Your customer has a business problem to solve, and will procure the resources required to solve that problem. The fact that you may not wish to meet the customer’s demand, does not make that demand go away. It only means that if you have decided that you are a lessor (or limited) part of the customer’s solution, and the customer cannot rely on you for the resources beyond your limited supply. If that customer cannot procure the required resources from you, and assuming the customer wishes to succeed, then the customer will procure the resources elsewhere.
Call it: The Customer’s Choice.
You Can Run (Limit Supply), But you Cannot Hide (Find Fixed Demand)
In the 1960’s, America’s economy was expanding and demand for resources was high. Essentially, it was a “sellers’ market.” Now, the market has reversed.
So if you do not wish to supply more of your product – productivity by the hour, then you will have to find customers that will accept your unilateral limiting of the supply. But caveat emptor: customers continue to be squeezed to “do more with less.” Meaning that they have to run faster, jump higher, and get better results. Few will have any patience with service/product suppliers that try to limit their supply of necessary resources.
So where’s the salvation?
Note that your customer is attempting to accomplish more of the overall Work Model. That is, increase aggregate results. Also note that because of the three factors in the model, there are lots of ways to “skin that cat.”
Also note that your employment bargain problem is your desire to limit your time to 40 hours per week. (This is assumed to be your objective, based on your original question.) The only reasonable method to resolving this problem within any employment bargain is to base that bargain not on supplying (i.e., contributing) time, but on supplying (i.e., contributing) results.
That is, change your “contribution” from time – hours, to results – valued accomplishments.
Selling results (i.e., supplying accomplishment in return for compensation) makes time spent irrelevant to your employment bargain. Buying results (i.e., compensating in return for the supply of accomplishments) makes your time spent irrelevant to your customers. Further, selling results leaves efficiency – “load” wholly up to you, the service provider. Buying results removes the risk of resource efficiency from the shoulders of the customer. Significant changes in demand for results are easier to negotiate than are demands or additional hours based on a pre-established fixed hourly rate. For example, if you negotiate the re-roofing of your customer’s house at $35 per hour, and then because of events, find that it will require more hours than you wish to spend on the job, it will be difficult to renegotiate a higher rate, say…$40 per hour with the customer. The customer will probably take his/her business to your competitor.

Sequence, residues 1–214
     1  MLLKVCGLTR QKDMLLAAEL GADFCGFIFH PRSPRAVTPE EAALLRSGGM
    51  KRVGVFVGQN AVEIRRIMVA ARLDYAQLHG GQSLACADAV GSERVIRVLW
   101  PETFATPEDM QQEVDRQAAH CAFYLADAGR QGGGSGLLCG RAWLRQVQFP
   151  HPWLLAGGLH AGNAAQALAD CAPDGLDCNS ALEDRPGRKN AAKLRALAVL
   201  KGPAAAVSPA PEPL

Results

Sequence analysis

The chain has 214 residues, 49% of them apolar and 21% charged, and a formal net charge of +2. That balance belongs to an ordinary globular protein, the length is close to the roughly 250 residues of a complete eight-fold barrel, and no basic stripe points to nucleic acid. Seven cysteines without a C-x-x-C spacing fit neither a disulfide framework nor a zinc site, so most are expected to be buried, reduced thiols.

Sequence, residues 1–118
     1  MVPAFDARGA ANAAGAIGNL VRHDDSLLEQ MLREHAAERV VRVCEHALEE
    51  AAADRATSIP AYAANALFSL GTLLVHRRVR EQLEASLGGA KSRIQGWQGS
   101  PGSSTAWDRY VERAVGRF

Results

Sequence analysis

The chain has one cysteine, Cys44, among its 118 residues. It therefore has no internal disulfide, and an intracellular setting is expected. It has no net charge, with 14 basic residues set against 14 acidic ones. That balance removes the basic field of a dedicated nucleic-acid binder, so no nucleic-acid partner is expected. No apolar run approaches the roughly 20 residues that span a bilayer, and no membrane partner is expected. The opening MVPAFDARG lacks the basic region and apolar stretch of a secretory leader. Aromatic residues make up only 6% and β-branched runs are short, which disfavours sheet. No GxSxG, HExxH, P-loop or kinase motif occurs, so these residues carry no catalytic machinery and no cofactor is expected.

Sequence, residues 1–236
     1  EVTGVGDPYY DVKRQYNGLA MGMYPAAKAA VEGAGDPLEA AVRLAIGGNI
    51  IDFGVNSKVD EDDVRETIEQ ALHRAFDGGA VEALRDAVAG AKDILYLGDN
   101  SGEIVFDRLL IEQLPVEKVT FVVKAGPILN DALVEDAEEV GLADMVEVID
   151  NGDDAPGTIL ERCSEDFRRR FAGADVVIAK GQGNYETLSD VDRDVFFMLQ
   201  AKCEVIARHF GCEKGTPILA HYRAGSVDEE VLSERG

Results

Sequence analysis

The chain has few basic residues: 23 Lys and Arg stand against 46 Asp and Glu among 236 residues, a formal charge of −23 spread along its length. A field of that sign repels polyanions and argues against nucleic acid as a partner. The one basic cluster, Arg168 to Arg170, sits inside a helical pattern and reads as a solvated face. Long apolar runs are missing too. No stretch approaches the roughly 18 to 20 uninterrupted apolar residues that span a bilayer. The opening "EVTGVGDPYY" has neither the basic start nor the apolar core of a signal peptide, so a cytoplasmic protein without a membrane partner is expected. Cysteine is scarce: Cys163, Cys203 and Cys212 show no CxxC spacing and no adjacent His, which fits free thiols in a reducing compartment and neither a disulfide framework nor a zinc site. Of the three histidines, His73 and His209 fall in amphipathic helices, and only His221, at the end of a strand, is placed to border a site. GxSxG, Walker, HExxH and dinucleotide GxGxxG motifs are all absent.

When a service provider sells results, the customer’s overall problem is simplified. Demand has been increasing significantly for this business model. (E.g., outsourcing, “firm, fixed price,” etc.) A good example of this is your subscription to GaryNorth.com: you are not buying Dr. North’s hours; you’re buying his results.
Should you negotiate an employment bargain based on results, and results only, then it’s wholly up to you whether or not your 40 hour problem goes away. Just ask any effective sales type for validation of this opinion.
Putting this into a prior analogy, if you negotiate the re-roofing of your customer’s house for a firm, fixed price, and then because of events, find that it will require more hours than you wish to spend on the job, it is incumbent upon you to get efficient, or take a loss of additional hours. If the customer adds more work, after the fact, it will be easy to renegotiate an additional fee with the customer to cover the added “scope.” Should the customer “get additional bids,” you will get the job if your deal is a better deal; that is, you provide better product and/or service, for the price asked. If you don’t, then you won’t.
Choices and Consequences
If you really want to limit the hours you apply to any employment bargain, and retain the customer, then you need to establish results as the basis of the bargain. That is, your contribution will be measured in terms of results you contributed, not time spent on the job. This shifts risk of results from your customer to you, as a consequence of that bargain. You will be compensated for results, not time spent.
Should you base your employment bargain on time spent, and limit your supply of productive hours so that you do not meet your customer’s demand, then your customer will have no reasonable choice other than to obtain productive hours from someone else. Assuming all things being equal, given the choice between the refusal of a supplier to meet demand, and finding another supplier, it is an easy choice to find that other supplier.